For example, consider an organization operating a wind turbine in the tempestuous North Sea. By leveraging the turbine’s IoT information, the business can react in a sustainable fashion to this piece of equipment. This might involve energy consumption as the business can track weather to indicate when it may want to power down that turbine (preserving its longevity or affording an opportunity for maintenance there, versus another place in the network) or when to ensure the turbine is online (i.e., to capitalize on high winds). This holistic approach encompasses more than simple task assignment and allows for a more comprehensive optimization process in terms of inspection, maintenance, and repair activities.

2. Collaborative engagement in sustainability

More stakeholders are becoming involved in sustainable practices (i.e., think about the rise of positions such as Head of Sustainability). Additional suppliers and manufacturers are giving their contribution to the corporate business with a view to its sustainable development, as well. In this sense, they might manufacture specialized leak detection and pipe maintenance technology, hold specific green credentials, or have insights into installing and configuring new renewable power sources.
Consider an individual with a new EV who needs a charging station installed in their driveway. How does the installing organization understand the vehicle type and required charging speed? What about usage over time, upgrades, and maintenance? One of the key challenges to help organizations evolve to this new normal is enabling them to execute for now and tomorrow, simultaneously, while sacrificing neither and adopting a holistic and successful approach.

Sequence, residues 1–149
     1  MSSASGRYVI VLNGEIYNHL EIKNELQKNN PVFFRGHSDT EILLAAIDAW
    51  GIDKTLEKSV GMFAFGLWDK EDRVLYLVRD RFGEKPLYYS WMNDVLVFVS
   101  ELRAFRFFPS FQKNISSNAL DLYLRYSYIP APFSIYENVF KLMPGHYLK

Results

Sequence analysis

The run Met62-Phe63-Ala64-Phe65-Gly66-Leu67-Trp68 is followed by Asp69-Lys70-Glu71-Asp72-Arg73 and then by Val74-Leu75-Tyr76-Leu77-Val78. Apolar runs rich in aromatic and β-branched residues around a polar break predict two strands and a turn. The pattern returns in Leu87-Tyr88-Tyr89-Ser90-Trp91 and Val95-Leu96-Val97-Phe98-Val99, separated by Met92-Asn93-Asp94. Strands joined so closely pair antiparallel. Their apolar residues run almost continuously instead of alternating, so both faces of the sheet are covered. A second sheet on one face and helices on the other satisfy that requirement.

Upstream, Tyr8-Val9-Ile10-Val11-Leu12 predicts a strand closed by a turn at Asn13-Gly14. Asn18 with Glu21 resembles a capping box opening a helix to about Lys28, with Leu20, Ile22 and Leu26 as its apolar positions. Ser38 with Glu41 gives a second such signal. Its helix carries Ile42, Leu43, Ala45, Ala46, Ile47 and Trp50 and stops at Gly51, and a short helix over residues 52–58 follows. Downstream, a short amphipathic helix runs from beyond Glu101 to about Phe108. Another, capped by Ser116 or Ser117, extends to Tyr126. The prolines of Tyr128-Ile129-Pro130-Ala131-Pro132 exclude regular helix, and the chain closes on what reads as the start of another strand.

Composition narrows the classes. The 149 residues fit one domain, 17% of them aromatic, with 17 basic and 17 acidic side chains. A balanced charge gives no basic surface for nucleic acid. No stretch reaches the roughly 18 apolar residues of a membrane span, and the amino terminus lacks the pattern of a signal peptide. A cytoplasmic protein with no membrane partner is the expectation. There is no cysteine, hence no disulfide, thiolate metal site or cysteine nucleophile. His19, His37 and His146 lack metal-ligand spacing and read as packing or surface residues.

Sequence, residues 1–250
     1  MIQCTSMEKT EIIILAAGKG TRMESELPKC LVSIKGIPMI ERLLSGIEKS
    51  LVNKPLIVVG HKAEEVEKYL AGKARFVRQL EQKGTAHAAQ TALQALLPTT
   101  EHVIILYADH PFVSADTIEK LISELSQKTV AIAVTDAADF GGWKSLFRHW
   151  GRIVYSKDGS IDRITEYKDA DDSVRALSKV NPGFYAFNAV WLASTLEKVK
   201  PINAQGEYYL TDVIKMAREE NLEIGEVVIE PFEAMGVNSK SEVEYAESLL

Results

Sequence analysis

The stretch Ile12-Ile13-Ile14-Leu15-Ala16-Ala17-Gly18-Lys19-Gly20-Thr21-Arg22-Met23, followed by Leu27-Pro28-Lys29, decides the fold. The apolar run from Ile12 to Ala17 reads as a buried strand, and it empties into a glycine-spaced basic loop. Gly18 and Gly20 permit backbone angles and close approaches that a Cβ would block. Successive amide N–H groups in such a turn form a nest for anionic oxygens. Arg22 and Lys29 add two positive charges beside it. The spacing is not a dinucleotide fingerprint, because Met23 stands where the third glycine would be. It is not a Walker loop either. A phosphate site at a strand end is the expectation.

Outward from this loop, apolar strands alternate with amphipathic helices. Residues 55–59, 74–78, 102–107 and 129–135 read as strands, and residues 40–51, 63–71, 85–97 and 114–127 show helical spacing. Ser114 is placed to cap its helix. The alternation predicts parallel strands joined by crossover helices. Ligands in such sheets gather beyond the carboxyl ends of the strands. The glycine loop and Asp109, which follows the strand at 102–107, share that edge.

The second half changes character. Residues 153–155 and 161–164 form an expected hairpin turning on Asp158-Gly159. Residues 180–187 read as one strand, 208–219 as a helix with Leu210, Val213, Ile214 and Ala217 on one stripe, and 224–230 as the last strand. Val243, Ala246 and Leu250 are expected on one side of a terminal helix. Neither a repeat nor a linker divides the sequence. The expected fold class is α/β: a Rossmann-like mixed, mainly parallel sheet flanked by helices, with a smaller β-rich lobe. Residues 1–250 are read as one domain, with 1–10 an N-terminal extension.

3. Driving uptime and first-time fixes

Driving uptime and first-time fixes inherently has a positive effect on carbon emissions. Again, existing technologies provide near-limitless options, including remote and augmented capabilities, while collaborative technologies, which enable field technicians to consult an off-site expert, have double effect.
The on-site technician can be walked through the service and complete it efficiently, while the more knowledgeable technician at the other end of the line is available as a resource to more technicians. In other words, this practice drives first-time fixes by empowering technicians with every possible resource to complete the job themselves, regardless of experience level. For example, guided job debriefs (e.g., a step-by-step of how to close a job down) means people new to the job have the ability to capture exactly the same data as a tenured member of staff. As a consequence, digitizing data capture and contextualizing it using a Field Service platform also promotes process consistency throughout the company.


Environmental impacts and technological advancements should synergize to empower organizations to achieve their sustainability objectives and navigate ecological transition. The UN sustainability guidelines establish a firm foundation for this endeavor, including vital elements, such as affordable and clean energy efficiency, innovative infrastructure, sustainable communities, and climate action. These priorities harmonize, rather than compete.